Braja over at Lost and Found in India has an inspiring (of course) post about sleep and mornings. I am not a morning person, never have been, although I love the whole concept. I married a very early morning person and gave birth to two of three of them. Number Two Son is the only one like me, he craves sleep as much as he does candy. Me, I crave it as much as I do, well, more sleep.
I know that right now while things are challenging around our house with work and parenting, sleep is my refuge. Not that I am able to sleep in past 7am but even after a solid 8 hours I am still groggy and headachey in the morning. It should be easier now, it is light outside and summer has finally arrived. We sleep with all our windows open so I am woken by a symphony of birdsongs, as well as a few honks from the geese on the millpond.
But something is definately out of whack, I am dead tired by 4pm and all I can think about, other than a glass of wine, is crawling back into bed again. I think I need to start to meditate again. I learned to meditate about 12 years ago when my Mum and I took a Transcendental Meditation course. I followed the schedule religiously for about a year, meditating 20 minutes as soon as I woke up and 20 minutes in the afternoon after school. But then babies and life got in the way and I fell out of the routine. I would still do it every once in a while but mostly in response to some sort of crisis or problem. It wasn't a part of my every day life which is what it is supposed to be to really make a difference.
A friend of mine who has meditated her whole life learned to do it as a child after her parents started, they continued TM their whole lives, even her father who was a very sucessful businessman and university professor would close his office door every day at 4 o'clock so no one would bother him while he meditated. My Number Two son was introduced to a form of meditation by his grade two teacher who would have the whole class sit cross-legged in the classic pose with their arms on their knees and thumbs and fingers together. It seemed to work for her, the whole class would calm down and she believed they became more focused after even five minutes. It is used by schools and corporations to relieve stress and some believe it even increases productivity, instead of offering a nap time to employees they are allowed to close their doors and meditate for 20 minutes in the afternoon.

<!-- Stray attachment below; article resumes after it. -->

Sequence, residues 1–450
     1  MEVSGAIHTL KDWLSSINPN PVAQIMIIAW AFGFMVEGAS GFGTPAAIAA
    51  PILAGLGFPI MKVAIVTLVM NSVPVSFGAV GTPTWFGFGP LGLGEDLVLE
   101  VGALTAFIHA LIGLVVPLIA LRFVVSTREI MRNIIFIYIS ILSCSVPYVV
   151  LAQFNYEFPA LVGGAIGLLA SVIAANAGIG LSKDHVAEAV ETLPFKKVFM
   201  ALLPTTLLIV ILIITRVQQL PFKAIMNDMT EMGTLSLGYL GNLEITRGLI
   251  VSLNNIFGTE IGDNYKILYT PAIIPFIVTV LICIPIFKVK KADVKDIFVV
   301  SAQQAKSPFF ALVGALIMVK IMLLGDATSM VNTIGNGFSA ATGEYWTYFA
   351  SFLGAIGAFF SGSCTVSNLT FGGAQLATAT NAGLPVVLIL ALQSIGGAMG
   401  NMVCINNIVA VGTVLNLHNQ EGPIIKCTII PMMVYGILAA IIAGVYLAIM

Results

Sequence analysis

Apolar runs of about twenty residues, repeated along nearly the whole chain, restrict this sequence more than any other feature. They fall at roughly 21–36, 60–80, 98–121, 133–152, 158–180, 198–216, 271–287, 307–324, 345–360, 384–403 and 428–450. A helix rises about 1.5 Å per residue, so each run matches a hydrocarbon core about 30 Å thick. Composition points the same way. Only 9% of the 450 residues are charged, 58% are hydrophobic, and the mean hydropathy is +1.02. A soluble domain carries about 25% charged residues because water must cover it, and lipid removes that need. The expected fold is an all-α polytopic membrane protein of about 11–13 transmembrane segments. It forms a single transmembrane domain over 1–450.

So I think I have answered my own question. There was a question in all of this rambling wasn't there? How do I get my life back in balance, back under control? First I have to take care of myself and to do that I am going to start with meditating in the mornings. I can wake up 20 minutes earlier to sit quietly, clear my mind and let myself prepare for the day. I have to because the way I do it now is not working. The rush to get up, make lunches, check agendas, make breakfast, referee the fights and get everyone out the door dressed somewhat appropriately is crazy every morning and there are still 5 more weeks until they go to camp.
And if I can find another twenty minutes before the kids fall over one another through the door yelling,
"Mum, Mum, I'm hungry."
"Can I go to Jack's house? Can Jack come over here?"
"Can we go swimming?"
"I'm hungry. What's there to eat?"
"I need to do a project on the Mayans for tomorrow."
"Can you sponsor me for the Jump-a-thon?"
"Can I go on the computer?"
"I'm hungry. There's nothing good in the fridge."
And so on and so on and so on ...
So if you need me around 2:40pm EDT today, I'll be in a comfy chair with my eyes closed, clearing my mind of the din of family life, of work details and deadlines. Just for 20 minutes and then I promise to figure out what's for dinner, why the Mayans are extinct, where the bank statement is and why your brother just hit you when you didn't do anything to him.